Out of Control Policy Blog

Cash for Caulkers... Seriously?

The House passed a climate change bill in June. They passed a health care bill in November. And they passed financial services reform bill last week. All of the bills touch on issues that need to be addressed. All of the bills fail to effect positive change on the whole. What else can the House screw up?

The U.S. House of Representatives aims to pass a scaled-back jobs bill this week to bring down the nation's double-digit unemployment rate, House Majority Leader Steny Hoyer said on Tuesday. The bill will include money for ready-to-go highway construction projects and aid to cash-strapped states so they will not have to lay off teachers, police and other public-sector employee, Hoyer said at his weekly news conference... The House also plans to extend several federal safety-net programs, such as unemployment insurance and food stamps, to help those struggling with the worst economic downturn since the 1930s, Hoyer said.

Of course, another stimulus. The so called "Jobs Bill" could be passed by the House as early as tomorrow.

But wait, there is more:

President Obama came to a suburban Washington Home Depot store Tuesday to push a program — helpfully called “Cash for Caulkers” — that is aimed at helping homeowners to make their homes more energy efficient.

Before his speech, the president discussed his plan to create green jobs with labor leaders and business owners. “I am calling on Congress to provide new temporary incentives for Americans to make energy efficiency retro-fit investments in their homes and we want them to do it soon,” Mr. Obama said. He elicited a laugh from workers assembled when he added that “insulation is sexy stuff.”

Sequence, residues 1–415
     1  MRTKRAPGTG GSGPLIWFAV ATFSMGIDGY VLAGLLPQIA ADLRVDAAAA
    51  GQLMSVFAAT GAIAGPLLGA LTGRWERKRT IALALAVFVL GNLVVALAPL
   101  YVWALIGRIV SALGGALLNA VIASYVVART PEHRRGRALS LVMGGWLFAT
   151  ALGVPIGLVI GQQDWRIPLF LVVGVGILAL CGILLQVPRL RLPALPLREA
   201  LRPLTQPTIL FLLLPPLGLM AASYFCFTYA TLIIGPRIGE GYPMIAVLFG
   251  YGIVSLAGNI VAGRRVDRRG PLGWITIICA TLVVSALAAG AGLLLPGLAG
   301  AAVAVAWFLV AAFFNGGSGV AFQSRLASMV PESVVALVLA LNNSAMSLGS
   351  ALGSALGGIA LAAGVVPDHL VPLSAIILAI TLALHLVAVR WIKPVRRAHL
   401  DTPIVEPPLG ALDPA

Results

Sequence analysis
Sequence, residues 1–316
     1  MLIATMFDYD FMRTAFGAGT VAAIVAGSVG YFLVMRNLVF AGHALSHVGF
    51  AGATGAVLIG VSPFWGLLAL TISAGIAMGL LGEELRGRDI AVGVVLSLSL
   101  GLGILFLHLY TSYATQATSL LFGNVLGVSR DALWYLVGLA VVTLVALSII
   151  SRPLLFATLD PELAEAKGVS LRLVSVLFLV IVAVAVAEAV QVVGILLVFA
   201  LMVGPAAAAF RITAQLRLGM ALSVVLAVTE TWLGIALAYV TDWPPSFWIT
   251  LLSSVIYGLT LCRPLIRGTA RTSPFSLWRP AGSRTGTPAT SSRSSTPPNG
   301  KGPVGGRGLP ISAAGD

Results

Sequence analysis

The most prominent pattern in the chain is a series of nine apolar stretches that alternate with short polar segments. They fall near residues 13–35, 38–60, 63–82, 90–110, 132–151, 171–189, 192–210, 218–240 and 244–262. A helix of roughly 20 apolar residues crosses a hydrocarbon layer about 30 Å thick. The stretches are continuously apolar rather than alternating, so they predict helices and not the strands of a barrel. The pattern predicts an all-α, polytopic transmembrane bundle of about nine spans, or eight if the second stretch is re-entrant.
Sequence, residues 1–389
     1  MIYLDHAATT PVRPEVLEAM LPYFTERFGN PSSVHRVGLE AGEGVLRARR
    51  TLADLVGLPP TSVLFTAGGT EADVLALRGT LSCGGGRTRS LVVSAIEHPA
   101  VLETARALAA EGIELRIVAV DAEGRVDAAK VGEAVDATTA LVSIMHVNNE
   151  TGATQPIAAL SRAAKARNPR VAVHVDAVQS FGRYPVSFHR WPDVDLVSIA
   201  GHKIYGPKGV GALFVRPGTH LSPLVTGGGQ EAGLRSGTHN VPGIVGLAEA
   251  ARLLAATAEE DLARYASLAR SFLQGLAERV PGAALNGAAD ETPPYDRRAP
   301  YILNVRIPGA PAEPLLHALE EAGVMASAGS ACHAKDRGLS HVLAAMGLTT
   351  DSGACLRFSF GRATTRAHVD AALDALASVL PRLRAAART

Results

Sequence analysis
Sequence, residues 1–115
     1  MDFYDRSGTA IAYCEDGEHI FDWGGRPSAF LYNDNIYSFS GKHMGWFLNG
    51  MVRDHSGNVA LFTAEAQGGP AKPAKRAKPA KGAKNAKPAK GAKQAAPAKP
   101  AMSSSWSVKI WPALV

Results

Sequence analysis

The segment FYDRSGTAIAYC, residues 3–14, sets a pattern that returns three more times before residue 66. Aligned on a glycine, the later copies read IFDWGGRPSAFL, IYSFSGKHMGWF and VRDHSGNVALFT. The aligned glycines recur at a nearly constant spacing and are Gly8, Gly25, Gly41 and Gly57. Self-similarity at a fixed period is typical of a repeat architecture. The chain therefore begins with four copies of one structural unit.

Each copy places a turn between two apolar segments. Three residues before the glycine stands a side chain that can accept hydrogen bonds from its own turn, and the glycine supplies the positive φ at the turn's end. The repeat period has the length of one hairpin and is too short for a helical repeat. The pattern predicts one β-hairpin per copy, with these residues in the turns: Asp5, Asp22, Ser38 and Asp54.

The White House says the retro-fitting program will be similar to the Cash for Clunkers program, which offered rebates for trading in used vehicles for more fuel-efficient ones. Mr. Obama wants Congress to look into consumer rebates for households that make energy efficient upgrades to their homes. He said homeowners could get back their investments in energy efficiency in two to three years.

Yes, given the wild success of the auto industry right now, wait, I meant the stagnant growth after a government funded spending spree by Americans already in the auto market. Oh, right, that Clunkers program only took demand from the future, it didn't create new demand. Caulkers is likely to have the same effect.

Anthony Randazzo is Director of Economic Research


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